A third model could also be used. Imagine this: a church full of new believer families opens their Sunday morning worship each week with ten minutes of committing verses and Biblical information to memory in a fun, upbeat environment. Not only would all of the children be included in the learning, but church staff would be able to model for parents how to teach and utilize the factual information in their homes! Connection exercises and deeper questions could still be used in a classroom environment with children and teens, or they could be sent home with the families to work through on their own. Clearly, the details of the program would depend on the culture of each individual congregation, but the idea of full-congregational involvement in at least part of the discipleship of the next generation is exciting to me!
Pitfalls to Avoid
Some of the best advice is advice that highlights mistakes that others have made, so that the reader can avoid doing the same!
Not enough buy-in — One of the biggest problems new Bible Quest programs encounter is a lack of buy-in from volunteer staff. The Bible Quest program contradicts many other methods that have enjoyed a long history in churches, and not everyone immediately appreciates how it works and why. An excellent way to onboard new staff members is to gather a small core of volunteers that ‘get’ the Bible Quest model, and then use them to demonstrate the program to your other potential workers.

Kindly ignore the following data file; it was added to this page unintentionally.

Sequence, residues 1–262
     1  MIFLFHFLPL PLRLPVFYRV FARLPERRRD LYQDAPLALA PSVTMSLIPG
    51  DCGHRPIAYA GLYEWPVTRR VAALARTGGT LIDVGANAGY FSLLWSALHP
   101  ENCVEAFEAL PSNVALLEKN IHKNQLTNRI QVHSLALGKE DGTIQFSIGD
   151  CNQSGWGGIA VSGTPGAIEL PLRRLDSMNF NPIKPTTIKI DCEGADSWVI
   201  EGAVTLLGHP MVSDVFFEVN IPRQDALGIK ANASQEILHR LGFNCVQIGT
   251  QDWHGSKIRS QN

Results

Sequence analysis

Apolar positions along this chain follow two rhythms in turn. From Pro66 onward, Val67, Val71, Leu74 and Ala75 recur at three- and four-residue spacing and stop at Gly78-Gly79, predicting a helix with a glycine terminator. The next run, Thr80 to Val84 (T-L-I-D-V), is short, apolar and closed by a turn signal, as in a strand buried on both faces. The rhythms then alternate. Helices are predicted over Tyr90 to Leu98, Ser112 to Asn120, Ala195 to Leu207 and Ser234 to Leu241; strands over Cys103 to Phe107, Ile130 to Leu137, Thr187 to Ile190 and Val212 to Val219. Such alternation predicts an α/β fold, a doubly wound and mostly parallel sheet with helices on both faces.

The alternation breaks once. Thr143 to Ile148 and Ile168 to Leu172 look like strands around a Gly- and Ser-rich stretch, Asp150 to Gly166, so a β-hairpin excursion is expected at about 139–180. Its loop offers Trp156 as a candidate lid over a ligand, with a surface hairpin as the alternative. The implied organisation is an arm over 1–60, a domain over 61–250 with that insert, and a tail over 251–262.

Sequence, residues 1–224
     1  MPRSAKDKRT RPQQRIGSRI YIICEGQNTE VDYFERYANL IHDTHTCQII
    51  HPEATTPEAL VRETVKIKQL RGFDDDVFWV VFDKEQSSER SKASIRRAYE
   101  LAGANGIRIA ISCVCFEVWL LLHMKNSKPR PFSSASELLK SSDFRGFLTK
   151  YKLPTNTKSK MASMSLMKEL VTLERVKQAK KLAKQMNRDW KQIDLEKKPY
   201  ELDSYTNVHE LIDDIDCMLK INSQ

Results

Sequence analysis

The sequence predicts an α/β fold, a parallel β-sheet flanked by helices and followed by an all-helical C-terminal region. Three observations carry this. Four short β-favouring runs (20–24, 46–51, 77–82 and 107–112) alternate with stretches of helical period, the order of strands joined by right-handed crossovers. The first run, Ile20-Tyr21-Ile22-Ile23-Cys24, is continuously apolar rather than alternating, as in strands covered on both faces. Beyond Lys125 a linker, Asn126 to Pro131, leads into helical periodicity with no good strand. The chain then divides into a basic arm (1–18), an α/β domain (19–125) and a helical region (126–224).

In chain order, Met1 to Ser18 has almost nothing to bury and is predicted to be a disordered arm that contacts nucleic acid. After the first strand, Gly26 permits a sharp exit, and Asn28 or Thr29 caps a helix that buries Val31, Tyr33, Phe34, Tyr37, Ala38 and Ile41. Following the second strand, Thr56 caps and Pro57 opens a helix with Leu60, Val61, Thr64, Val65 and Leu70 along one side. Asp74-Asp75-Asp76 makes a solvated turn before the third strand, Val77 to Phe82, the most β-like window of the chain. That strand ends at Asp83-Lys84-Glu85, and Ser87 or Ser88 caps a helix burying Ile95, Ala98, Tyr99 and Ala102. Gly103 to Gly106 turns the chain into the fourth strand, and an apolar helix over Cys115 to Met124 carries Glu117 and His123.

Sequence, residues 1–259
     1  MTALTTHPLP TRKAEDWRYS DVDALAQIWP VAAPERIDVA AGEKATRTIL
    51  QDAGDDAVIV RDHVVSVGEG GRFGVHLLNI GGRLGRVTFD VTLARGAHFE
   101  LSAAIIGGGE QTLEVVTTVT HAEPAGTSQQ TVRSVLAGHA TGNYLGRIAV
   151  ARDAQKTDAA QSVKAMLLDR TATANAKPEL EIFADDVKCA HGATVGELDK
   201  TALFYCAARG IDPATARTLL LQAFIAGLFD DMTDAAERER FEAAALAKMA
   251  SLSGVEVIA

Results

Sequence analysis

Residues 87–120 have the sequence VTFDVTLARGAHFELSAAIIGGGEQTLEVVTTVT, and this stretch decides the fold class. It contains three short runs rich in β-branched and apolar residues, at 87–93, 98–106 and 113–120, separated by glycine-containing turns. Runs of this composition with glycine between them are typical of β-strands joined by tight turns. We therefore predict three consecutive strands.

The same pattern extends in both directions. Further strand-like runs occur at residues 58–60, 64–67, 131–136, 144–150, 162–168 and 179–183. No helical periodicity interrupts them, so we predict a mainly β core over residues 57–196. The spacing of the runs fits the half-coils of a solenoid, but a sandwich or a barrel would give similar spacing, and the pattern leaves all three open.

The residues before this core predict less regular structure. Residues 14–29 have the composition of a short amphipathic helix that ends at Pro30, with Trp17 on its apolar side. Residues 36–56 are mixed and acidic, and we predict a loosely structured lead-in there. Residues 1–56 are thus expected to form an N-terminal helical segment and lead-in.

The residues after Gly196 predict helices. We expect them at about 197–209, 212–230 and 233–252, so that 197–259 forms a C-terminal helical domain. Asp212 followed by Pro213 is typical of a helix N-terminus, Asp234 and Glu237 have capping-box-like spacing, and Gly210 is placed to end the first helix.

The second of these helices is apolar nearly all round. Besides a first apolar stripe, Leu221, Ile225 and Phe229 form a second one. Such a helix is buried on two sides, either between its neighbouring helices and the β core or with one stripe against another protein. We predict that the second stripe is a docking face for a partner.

Not enough training — Because the Bible Quest model is so distinctly different than many other Sunday School methodologies, it is imperative that the staffing for the program be thoroughly trained. Without adequate training, old thought patterns and contradictory methods can creep in, damaging the effectiveness of the program. To keep your staff excellent, plan consistent training times throughout the year. Always reinforce the most important parts of the program, but then feel free to highlight a particular aspect of training or emphasis that is different each time. While there is no absolute answer to how often trainings should be offered, I would recommend that a new team train together at least quarterly, and a more established team do at least one training per year.
Not enough great workers — All programs require dedicated, enthusiastic team members to continue long-term. While it can be tempting to allow a few sold-out volunteers to keep plugging away week after week, leaving no wiggle room for them to take an occasional break to refresh and renew can lead to volunteer burn-out. Instead of building programs with only the bare minimum human capital, program leaders should always be on the lookout for fresh volunteers to develop. In short, recruit so that dedicated people don’t burn out.